For a final proof of the nullity of all the experiments before alleged, I conceive it now a convenient time and place to demonstrate a way how to make an exact trial of them all. Shut yourself up with some friend in the largest room below decks of some large ship and there procure gnats, flies, and such other small winged creatures. Also get a great tub full of water and within it put certain fishes; let also a certain bottle be hung up, which drop by drop lets forth its water into another narrow-necked bottle placed underneath. Then, the ship lying still, observe how those small winged animals fly with like velocity towards all parts of the room; how the fishes swim indifferently towards all sides; and how the distilling drops all fall into the bottle placed underneath. And casting anything towards your friend, you need not throw it with more force one way than another, provided the distances be equal; and jumping broad, you will reach as far one way as another. Having observed all these particulars, though no man doubts that, so long as the vessel stands still, they ought to take place in this manner, make the ship move with what velocity you please, so long as the motion is uniform and not fluctuating this way and that. You shall not be able to discern the least alteration in all the forenamed effects, nor can you gather by any of them whether the ship moves or stands still. Of this correspondence of effects the cause is that the ship's motion is common to all the things contained in it and to the air also; I mean if those things be shut up in the room; but in case those things were above deck in the open air, and not obliged to follow the course of the ship, differences more or less notable would be observed in some of the forenamed effects, and there is no doubt but that smoke would stay behind as much as the air itself; the flies also and the gnats, being hindered by the air, would not be able to follow the motion of the ship, if they were separated at any distance from it; but keeping near thereto, because the ship itself, as being an anfractuous structure, carries along with it part of its nearest air, they would follow the ship without any pains or difficulty. For the like reason we see sometimes, in riding post, that the troublesome horseflies do follow the horses flying sometimes to one, sometimes to another, part of the body. But in the falling drops the difference would be very small and in the jumps and projections of grave bodies altogether imperceptible.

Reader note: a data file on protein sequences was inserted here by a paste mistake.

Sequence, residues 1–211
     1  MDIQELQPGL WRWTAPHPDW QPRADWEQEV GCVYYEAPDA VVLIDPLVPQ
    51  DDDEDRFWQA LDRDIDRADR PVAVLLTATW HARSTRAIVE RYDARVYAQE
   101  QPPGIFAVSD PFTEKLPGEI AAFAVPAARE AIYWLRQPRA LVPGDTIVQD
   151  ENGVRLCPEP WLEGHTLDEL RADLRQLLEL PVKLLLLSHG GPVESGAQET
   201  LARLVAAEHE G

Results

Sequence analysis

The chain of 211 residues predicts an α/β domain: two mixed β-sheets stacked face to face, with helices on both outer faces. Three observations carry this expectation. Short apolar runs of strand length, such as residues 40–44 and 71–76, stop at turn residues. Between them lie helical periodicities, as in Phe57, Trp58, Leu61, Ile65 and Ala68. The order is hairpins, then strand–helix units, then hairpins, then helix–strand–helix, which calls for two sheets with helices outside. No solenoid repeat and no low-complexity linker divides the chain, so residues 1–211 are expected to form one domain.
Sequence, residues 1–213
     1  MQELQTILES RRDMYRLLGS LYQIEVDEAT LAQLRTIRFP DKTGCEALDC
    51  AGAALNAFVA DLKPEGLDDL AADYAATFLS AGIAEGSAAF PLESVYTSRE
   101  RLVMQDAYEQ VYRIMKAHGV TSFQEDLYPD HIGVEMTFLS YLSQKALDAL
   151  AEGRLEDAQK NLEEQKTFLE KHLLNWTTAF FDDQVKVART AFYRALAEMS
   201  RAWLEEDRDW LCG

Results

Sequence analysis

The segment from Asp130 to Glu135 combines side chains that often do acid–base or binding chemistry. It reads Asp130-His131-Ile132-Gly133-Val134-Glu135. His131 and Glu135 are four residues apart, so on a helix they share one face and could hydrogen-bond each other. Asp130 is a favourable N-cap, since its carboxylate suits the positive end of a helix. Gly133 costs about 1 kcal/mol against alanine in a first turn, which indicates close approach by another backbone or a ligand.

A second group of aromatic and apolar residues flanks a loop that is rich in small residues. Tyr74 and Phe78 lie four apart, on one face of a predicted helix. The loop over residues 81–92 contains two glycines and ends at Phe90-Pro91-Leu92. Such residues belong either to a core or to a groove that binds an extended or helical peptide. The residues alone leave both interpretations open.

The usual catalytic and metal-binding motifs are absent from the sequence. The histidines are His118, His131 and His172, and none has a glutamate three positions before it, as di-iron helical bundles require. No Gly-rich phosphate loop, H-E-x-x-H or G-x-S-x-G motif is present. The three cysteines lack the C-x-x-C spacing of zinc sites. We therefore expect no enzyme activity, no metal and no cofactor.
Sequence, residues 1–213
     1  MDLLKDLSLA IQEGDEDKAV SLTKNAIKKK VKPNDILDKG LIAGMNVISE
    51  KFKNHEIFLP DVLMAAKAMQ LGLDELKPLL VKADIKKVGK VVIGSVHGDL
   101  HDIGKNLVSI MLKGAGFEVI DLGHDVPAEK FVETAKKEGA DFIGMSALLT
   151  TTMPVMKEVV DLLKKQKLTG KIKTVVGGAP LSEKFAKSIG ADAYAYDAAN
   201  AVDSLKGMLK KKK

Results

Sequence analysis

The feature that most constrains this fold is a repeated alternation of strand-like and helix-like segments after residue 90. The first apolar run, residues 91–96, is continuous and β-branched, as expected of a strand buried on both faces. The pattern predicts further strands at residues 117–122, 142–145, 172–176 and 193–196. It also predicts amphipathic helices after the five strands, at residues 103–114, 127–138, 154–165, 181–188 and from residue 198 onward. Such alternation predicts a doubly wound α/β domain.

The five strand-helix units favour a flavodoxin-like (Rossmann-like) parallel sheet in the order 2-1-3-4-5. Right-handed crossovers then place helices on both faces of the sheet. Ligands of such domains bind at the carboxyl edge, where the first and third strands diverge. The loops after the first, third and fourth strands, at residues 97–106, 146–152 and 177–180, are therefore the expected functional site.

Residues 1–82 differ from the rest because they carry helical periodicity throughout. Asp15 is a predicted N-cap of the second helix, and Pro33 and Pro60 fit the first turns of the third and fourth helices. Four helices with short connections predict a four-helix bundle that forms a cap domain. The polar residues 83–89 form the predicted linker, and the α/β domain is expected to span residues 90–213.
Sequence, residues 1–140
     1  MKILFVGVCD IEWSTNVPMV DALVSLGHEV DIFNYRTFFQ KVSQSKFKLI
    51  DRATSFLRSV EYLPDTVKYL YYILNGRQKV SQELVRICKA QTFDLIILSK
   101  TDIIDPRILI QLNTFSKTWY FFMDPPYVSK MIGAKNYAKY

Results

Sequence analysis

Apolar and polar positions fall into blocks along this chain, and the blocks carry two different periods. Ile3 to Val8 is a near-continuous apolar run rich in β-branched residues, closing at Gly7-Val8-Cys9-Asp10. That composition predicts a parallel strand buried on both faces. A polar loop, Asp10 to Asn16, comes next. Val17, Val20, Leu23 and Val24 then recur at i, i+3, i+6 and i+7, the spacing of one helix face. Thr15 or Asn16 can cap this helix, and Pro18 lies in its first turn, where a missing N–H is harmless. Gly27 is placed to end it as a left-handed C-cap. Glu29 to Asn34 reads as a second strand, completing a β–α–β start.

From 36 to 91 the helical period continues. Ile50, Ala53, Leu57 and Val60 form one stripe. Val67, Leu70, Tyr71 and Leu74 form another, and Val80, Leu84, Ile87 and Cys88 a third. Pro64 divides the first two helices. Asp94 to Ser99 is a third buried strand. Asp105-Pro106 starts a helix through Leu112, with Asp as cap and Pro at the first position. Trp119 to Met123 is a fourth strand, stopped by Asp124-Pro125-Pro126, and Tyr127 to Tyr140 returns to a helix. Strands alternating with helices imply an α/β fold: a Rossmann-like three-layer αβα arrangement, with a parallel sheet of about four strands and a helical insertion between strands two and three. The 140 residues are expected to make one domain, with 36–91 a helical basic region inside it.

Sagredus: Though it came not into my thoughts to make trial of these observations when I was at sea, yet I am confident that they will succeed in the manner that you have related. In confirmation of this, I remember that being in my cabin I have wondered a hundred times whether the ship moved or stood still; and sometimes I have imagined that it moved one way, when it moved the other way. I am therefore satisfied and convinced of the nullity of all those experiments that have been produced in proof of the negative part.

There now remains the objection founded upon that which experience shows us, namely, that a swift whirling about has a faculty to extrude and disperse the matters adherent to the machine that turns round. On this fact many based the opinion, and Ptolemy amongst the rest, that, if the Earth should turn round with such great velocity, the stones and creatures upon it should be tossed into the sky and that there could not be a mortar strong enough to fasten buildings to their foundations so that they should not suffer a like extrusion. ...

Last Updated December 2008